The true faults in Frankenstein by Mary Shelley
Although Mary Shelley’s Frankenstein, written in 1818, is considered the first science fiction novel, the gothic tale of a young scientist who creates life from a corpse is as equally a story about human frailty as it is about futuristic science or technology. By comparing and contrasting Victor Frankenstein, the scientist, and the creature he brings to life, our perception of each character changes throughout the story. Each becomes in some ways like the other. Initially, Victor is perceived as a victim and the creature is understood to be a monster. Over time, their roles reverse as the creature’s frustration and loneliness make him seem more human and Victor is revealed to be the true monster of the story. It is evident that the creature transitions from benevolent to malicious, and Victor transitions from an innocent scientist to a negative force in his life and those around him. Though Victor first appears to be the benevolent character, it is evident that the heinous crimes that occur are not caused by the creature, but by Victor’s own blind ambition.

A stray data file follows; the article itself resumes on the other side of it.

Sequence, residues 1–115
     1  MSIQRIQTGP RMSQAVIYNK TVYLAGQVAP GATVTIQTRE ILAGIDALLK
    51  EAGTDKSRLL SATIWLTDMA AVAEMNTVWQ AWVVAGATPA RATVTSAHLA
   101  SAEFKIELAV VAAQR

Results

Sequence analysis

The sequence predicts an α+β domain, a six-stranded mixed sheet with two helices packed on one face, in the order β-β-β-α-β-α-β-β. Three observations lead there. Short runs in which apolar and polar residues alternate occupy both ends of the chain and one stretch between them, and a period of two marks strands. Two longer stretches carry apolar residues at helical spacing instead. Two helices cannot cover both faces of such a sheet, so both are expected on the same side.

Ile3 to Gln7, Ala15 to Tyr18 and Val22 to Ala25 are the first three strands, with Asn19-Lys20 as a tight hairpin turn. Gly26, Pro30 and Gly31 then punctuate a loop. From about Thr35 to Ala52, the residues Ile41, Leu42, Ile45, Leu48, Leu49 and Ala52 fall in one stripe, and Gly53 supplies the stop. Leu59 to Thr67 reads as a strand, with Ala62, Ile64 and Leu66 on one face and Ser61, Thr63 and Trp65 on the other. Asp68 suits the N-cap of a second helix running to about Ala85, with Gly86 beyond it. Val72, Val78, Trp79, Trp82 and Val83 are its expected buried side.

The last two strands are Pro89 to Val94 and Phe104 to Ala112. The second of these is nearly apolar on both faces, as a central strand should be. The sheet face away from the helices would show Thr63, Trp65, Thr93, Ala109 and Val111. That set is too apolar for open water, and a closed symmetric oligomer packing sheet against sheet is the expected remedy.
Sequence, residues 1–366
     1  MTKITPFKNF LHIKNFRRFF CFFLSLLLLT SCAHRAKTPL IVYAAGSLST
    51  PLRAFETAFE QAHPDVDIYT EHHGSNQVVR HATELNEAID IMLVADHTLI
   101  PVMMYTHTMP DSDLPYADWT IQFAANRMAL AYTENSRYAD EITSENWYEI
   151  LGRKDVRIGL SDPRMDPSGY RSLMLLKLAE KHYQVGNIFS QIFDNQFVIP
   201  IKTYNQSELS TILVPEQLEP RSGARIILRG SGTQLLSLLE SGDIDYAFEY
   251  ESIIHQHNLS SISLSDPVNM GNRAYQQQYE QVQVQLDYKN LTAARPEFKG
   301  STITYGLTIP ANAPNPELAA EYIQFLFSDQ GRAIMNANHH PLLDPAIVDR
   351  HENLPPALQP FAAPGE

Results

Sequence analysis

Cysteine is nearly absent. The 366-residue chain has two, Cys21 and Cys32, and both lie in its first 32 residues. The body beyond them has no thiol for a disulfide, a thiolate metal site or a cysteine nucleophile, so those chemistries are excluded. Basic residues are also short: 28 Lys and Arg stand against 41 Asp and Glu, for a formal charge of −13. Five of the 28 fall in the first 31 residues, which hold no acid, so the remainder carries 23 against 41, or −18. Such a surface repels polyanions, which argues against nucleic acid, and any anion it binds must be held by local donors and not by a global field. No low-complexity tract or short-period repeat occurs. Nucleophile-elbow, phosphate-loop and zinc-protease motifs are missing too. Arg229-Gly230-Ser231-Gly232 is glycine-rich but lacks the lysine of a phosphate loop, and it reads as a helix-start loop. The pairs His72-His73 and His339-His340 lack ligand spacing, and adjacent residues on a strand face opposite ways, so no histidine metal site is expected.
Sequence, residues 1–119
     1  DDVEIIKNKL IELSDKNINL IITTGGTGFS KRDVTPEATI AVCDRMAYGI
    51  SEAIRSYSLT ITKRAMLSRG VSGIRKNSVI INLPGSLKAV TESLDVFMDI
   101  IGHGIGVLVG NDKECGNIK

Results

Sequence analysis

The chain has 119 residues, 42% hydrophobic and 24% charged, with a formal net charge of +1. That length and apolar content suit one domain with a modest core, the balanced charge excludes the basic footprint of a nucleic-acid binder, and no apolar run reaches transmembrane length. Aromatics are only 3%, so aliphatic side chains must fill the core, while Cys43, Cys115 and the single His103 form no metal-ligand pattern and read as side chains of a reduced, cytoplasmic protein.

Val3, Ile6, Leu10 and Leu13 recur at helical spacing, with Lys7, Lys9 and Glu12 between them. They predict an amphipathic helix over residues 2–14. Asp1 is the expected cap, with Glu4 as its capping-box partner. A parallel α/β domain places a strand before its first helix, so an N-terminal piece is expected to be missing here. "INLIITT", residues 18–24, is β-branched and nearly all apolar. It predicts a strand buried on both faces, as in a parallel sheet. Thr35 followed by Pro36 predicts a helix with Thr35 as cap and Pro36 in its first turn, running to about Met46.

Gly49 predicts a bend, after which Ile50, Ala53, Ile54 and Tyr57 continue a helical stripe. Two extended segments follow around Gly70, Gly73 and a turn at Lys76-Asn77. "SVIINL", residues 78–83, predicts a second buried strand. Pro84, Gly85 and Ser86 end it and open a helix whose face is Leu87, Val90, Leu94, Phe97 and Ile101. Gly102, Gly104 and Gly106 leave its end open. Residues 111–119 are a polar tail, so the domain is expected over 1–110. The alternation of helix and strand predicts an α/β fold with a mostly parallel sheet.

From the creature’s first awakening, he provokes disgust and terror in his creator. Overwhelmed with horror at his own invention, Victor runs in fear and abandons the creature. Yet, the creature is not inherently evil. In fact, his character is initially vulnerable and innocent. For example, Shelley describes his first moments of life as being filled with a “strange multiplicity of sensations.” He could “distinguish nothing: but feel pain invade [him] on all sides” (Shelley 86) and he sat down and wept. These descriptions of his first moments clarify to the reader that the initial intentions of the creature were not evil. He may appear dangerous, but he has no intention to harm. Likewise, the creature’s lack of malice is evident early, when he is bewildered by the cause of the villagers’ hateful reaction to him. After the creature teaches himself to survive, he finds himself near a prosperous village where he has one of his first interactions with humans after being “desolated” (Shelley 90) by Victor. The creature has no evil intentions, he is simply looking for food and warmth. Shelley tells the reader that the creature had only been in sight for a few moments “before the children shrieked, and one of the women fainted… some fled, some attacked… until,” he is “grievously bruised by stones and many other kinds of missile weapons” (Shelley 89). Throughout this traumatic episode, the creature does not retaliate. He displays no aggression, only confusion and sadness. He is unaware that he is perceived as a monster and is still too innocent to fight back. Similarly, the creature’s lack of malevolence is further illustrated when he shows reasoning and compassion in his eventual efforts to help the DeLacey family. The creature begins to observe the DeLacey family and notices how they react in certain situations. ...